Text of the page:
Patient Safety Indicators are an insufficient performance metric to track and grade outcomes of open aortic repair

Rebecca Sorber, Katherine A. Giuliano, Caitlin W. Hicks, James H. Black

Research output: Contribution to journalArticlepeer-review


Objective: National rankings of hospitals rely on outcomes-based evaluation to assess the performance of surgical programs, particularly those performing high-risk elective surgical procedures such as open aortic repair. Various classification systems exist for tracking outcomes, but increasingly the International Classification of Diseases, Tenth Revision-based Agency for Healthcare Research and Quality Patient Safety Indicators (PSIs) are used as a publicly reported comparison measure of hospital quality performance. We sought to critically evaluate the accuracy of the existing vehicles to assess open aortic repair outcomes in an established program. Methods: This is a case-control study of patients who underwent open abdominal aortic aneurysm repair at the Johns Hopkins Medical Institutions from 2004 to 2018. Patients' characteristics and outcomes were collected as part of a prospectively maintained retrospective database. For each case, hemorrhagic, cardiac, respiratory, renal, wound, and thromboembolic complications were identified with the unique definitions used for open abdominal aortic aneurysm repair by the American College of Surgeons National Surgical Quality Improvement Program (NSQIP) database, the Society for Vascular Surgery Vascular Quality Initiative (VQI) database, and the Agency for Healthcare Research and Quality PSI initiative. Results: Of the 154 patients included in the study, 79 (51.0%) were identified as having a complication as defined by the VQI, 46 (29.7%) according to the NSQIP, and 15 (9.7%) according to the PSI system (P <.001). Patients most likely to incur a complication in the PSI system were those with a pararenal or more extensive aneurysm, with baseline congestive heart failure, requiring a supramesenteric clamp (all P <.01), or with an aneurysm >6.5 cm in diameter (P =.02). The NSQIP and VQI systems both identified more postoperative hemorrhagic, respiratory, renal, and wound complications than the PSI system did (P <.05). The VQI system identified the most renal complications (52; P <.001); factors unique to incurring a complication in the VQI include use of a suprarenal clamp and performance of an aortorenal bypass procedure as part of the repair (P <.01). Particularly weak correlation was noted between the PSI system and the VQI with respect to renal outcomes (ρ = 0.163). Conclusions: The PSI system identified fewer important complications than either of the clinically focused databases, with the VQI capturing the most postoperative events, mostly because of its stringent definition of renal injury. We conclude that the PSI system should not form the basis of grading hospital performance in comparing clinically relevant complications of open aortic surgery programs.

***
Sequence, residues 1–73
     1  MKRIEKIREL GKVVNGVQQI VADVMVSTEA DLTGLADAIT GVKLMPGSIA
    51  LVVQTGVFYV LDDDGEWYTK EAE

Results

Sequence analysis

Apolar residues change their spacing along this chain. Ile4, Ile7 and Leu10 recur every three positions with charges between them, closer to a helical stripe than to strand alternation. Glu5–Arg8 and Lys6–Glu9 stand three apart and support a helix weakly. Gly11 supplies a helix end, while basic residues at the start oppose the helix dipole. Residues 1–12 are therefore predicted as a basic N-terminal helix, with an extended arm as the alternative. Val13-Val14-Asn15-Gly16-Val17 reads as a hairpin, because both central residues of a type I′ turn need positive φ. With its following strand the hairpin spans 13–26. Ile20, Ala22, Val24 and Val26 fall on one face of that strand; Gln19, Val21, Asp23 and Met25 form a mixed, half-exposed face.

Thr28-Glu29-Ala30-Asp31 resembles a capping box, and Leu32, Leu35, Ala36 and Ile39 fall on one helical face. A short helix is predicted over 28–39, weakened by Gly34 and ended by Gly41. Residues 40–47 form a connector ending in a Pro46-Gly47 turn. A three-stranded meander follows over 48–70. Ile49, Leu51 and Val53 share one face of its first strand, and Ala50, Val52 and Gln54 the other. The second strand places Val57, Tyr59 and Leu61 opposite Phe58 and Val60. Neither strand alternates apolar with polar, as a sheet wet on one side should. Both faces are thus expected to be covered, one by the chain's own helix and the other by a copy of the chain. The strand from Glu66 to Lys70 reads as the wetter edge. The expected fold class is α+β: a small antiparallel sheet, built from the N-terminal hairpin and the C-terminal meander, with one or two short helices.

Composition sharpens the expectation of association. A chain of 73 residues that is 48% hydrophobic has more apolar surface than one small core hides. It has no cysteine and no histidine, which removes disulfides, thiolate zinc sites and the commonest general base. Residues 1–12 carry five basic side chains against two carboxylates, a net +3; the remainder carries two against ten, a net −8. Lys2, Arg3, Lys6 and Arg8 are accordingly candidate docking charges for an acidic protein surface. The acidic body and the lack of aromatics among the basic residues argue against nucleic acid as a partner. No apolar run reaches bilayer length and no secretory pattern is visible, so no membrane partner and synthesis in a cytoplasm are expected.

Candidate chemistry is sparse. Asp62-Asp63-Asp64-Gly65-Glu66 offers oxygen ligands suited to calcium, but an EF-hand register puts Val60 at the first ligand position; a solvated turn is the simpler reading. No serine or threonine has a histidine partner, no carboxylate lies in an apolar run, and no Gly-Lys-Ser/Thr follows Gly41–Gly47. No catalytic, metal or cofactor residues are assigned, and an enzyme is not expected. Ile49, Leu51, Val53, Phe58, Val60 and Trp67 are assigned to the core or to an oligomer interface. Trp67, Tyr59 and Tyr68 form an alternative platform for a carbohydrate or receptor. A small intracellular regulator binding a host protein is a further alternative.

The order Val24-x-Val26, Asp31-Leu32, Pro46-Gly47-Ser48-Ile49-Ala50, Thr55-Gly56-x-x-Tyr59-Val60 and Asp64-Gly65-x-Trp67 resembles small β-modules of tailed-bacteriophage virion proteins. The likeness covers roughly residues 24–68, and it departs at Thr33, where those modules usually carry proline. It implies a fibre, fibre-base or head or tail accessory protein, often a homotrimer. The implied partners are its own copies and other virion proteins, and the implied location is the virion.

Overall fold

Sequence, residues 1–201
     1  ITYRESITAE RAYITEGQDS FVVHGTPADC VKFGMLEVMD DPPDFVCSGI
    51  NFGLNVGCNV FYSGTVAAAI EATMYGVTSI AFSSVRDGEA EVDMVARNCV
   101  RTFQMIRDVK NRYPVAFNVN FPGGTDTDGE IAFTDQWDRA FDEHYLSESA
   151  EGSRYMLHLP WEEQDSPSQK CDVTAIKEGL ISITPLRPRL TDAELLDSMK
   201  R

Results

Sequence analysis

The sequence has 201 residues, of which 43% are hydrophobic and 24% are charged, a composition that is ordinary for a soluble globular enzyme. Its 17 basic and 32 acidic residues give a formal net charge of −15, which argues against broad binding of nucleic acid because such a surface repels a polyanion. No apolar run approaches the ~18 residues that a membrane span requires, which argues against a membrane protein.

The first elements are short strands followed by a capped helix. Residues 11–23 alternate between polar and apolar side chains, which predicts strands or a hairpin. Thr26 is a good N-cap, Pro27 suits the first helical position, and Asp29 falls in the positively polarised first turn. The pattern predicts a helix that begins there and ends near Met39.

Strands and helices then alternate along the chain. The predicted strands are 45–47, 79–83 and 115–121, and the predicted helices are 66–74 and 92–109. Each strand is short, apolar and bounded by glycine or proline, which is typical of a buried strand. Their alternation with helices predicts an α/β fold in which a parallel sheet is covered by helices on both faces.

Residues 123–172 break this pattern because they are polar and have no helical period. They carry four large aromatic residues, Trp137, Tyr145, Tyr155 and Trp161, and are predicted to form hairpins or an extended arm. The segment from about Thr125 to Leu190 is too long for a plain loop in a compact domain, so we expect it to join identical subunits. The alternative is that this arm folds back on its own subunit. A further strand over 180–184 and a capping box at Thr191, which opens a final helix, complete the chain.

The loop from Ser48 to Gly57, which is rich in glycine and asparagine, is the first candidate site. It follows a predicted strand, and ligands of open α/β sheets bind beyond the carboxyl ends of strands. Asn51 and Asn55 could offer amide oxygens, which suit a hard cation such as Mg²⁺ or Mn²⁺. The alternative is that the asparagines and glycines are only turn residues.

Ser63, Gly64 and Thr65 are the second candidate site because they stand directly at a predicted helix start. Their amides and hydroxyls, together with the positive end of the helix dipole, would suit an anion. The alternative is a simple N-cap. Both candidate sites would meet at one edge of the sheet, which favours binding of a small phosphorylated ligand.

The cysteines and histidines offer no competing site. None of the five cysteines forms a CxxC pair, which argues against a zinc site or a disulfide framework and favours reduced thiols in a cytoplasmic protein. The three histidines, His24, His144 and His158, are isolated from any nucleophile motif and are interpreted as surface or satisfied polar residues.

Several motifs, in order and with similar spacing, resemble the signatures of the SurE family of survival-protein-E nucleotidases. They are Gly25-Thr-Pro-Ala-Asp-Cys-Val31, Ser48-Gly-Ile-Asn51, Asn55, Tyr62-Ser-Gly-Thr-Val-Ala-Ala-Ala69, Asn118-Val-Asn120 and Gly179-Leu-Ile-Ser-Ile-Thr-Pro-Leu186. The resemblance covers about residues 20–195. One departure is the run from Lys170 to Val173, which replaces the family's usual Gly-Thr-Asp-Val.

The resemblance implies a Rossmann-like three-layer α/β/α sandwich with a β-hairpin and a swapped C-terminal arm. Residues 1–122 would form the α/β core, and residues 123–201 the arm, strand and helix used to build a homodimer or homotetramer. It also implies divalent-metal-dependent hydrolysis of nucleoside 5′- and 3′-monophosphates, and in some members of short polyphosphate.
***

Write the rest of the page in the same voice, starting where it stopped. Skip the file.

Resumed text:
Original languageEnglish (US)
Pages (from-to)240-249.e5
JournalJournal of vascular surgery
Issue number1
StatePublished - Jan 2021


  • Care regionalization
  • Open aortic repair outcomes
  • PSI
  • PSI-90
  • Patient Safety Indicators

ASJC Scopus subject areas

  • Surgery
  • Cardiology and Cardiovascular Medicine


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